Millions of people have moved to Arizona, New Mexico, Colorado and surrounding states- and many more are expected to follow, adding to the demand for potable water.

Sharon Megdal, director of the Water Resources Research Center at the University of Arizona, said water harvesting efforts by Tucson residents and other communities are conserving water, but the demand has outstripped the supply.

Much of Arizona's water comes from the Colorado River via the Central Arizona Project, but the river is having trouble, she told AZ Illustrated Nature.

"We now have the U.S. Bureau of Reclamation, the manager of the Colorado River saying there's a 2 percent chance of a shortage in 2015, but a 50 percent chance in 2016," Megdal said. "This is based on the river flows, based on precipitation up at the Colorado River, in the headwaters and what they're releasing from Lake Powell to Lake Mead."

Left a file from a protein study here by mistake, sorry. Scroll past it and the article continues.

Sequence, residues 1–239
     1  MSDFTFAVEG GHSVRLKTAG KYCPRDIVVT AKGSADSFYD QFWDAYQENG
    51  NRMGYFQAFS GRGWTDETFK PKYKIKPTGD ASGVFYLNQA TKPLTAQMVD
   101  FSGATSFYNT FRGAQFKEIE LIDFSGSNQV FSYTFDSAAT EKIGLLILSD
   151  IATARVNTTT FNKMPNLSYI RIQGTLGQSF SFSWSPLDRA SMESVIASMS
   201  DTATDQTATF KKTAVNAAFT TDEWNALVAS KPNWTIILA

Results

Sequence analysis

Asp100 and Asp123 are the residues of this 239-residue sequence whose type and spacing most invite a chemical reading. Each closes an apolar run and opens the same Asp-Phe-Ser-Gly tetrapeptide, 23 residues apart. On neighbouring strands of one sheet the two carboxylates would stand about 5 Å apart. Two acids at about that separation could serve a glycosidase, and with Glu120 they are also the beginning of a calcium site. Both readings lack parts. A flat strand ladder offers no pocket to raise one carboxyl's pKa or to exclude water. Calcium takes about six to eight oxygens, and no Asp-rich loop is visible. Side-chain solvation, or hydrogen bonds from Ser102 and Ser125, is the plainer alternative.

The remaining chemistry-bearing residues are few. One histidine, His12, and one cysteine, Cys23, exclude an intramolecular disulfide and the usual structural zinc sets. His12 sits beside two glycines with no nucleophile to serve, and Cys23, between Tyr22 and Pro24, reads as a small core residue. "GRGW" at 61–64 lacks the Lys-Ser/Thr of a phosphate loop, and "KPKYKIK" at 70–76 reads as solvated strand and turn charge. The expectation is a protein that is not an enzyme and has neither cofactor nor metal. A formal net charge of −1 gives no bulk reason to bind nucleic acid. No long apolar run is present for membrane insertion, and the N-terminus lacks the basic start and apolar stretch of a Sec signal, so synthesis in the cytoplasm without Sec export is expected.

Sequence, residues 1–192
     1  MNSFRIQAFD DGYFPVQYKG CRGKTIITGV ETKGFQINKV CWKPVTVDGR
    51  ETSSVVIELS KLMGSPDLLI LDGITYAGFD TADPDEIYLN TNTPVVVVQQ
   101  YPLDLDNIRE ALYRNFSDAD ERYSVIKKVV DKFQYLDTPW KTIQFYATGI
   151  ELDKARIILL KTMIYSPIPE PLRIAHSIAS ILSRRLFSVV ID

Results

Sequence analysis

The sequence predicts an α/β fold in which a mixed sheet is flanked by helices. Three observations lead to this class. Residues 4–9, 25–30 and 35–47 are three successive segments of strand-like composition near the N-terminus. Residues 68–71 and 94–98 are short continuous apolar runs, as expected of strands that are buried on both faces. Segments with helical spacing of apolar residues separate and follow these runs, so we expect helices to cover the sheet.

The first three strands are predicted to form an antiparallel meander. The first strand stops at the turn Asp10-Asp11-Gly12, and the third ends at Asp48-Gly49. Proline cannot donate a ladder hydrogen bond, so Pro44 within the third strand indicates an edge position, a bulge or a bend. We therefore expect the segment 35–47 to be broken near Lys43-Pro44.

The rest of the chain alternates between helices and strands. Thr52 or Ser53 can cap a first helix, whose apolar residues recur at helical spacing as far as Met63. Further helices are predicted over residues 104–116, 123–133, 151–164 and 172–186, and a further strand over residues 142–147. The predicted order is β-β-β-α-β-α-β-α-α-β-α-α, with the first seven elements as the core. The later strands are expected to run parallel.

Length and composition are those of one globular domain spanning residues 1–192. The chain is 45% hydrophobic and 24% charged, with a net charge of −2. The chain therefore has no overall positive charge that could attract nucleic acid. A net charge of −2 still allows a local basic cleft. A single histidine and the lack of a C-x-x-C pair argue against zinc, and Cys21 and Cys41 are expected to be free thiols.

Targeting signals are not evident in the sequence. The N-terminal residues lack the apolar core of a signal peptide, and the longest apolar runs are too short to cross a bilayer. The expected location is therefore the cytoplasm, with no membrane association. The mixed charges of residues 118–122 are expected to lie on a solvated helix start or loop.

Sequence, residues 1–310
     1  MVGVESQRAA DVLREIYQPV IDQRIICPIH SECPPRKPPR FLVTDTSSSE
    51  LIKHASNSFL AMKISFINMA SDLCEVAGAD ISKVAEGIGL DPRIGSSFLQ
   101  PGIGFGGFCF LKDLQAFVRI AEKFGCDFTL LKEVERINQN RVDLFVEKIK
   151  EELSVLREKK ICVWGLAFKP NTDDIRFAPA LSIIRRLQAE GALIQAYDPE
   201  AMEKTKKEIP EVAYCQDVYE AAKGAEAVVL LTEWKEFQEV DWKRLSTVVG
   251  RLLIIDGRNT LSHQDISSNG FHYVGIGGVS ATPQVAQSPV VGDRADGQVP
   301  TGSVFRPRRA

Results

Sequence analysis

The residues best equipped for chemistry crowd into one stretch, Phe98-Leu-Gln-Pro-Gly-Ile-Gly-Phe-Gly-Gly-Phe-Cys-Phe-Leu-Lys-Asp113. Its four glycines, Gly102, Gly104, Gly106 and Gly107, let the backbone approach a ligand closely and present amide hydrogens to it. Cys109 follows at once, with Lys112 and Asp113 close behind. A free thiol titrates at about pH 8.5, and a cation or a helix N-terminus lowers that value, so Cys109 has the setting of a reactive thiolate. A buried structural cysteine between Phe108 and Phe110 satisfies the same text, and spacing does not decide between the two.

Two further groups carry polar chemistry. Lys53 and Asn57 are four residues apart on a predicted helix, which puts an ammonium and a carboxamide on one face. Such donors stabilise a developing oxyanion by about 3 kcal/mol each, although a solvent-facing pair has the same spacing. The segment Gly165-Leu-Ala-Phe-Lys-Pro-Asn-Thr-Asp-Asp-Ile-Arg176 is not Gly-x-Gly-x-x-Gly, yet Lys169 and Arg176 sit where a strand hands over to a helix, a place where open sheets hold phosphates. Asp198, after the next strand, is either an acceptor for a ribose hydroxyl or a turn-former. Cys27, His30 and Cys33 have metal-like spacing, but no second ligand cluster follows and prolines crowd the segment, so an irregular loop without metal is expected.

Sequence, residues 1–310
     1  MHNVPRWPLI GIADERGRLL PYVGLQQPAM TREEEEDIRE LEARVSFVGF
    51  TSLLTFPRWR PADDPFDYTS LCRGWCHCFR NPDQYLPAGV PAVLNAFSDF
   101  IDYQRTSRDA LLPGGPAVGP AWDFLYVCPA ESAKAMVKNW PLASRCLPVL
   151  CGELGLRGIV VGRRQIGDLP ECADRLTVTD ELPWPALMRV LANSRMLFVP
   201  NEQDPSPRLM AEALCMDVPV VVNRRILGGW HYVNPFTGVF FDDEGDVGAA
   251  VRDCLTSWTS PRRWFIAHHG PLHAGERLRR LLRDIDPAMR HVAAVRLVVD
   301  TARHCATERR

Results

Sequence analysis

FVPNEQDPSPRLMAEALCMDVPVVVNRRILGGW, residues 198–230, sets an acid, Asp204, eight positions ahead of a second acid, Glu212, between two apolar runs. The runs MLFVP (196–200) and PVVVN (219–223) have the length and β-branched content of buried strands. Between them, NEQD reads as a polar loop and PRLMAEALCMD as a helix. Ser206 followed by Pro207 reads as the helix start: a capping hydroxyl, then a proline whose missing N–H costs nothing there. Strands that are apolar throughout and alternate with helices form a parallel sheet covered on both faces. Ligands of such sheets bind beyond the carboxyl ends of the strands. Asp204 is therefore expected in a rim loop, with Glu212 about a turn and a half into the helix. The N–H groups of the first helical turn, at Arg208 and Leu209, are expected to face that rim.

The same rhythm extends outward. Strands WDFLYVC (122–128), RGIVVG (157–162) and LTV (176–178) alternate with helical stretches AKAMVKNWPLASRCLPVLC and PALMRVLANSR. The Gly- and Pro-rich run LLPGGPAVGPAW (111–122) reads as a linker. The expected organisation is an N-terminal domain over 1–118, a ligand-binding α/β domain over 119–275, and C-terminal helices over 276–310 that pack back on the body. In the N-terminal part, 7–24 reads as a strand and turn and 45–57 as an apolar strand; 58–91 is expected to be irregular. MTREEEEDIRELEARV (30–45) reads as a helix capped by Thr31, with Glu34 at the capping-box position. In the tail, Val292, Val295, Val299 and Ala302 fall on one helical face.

Megdal said she doesn't want to alarm people, but she added that our water situation could be serious.

"I don't want to get people worried. If there is a shortage in 2016, it won't really affect the Colorado River water to the cities like Tucson and Oro Valley and others with allocation, it will affect some of the users we have but it's getting more real," she said. "And I think that the reality of a shortage is resonating with people."

In the future, Megdal said she believes Tucson and other cities will have to implement new systems for recycling water, including cleaning waste water for use again by customers.

This method is commonly referred to as "toilet to tap" and it's already underway in other cities, including Santa Clara, California.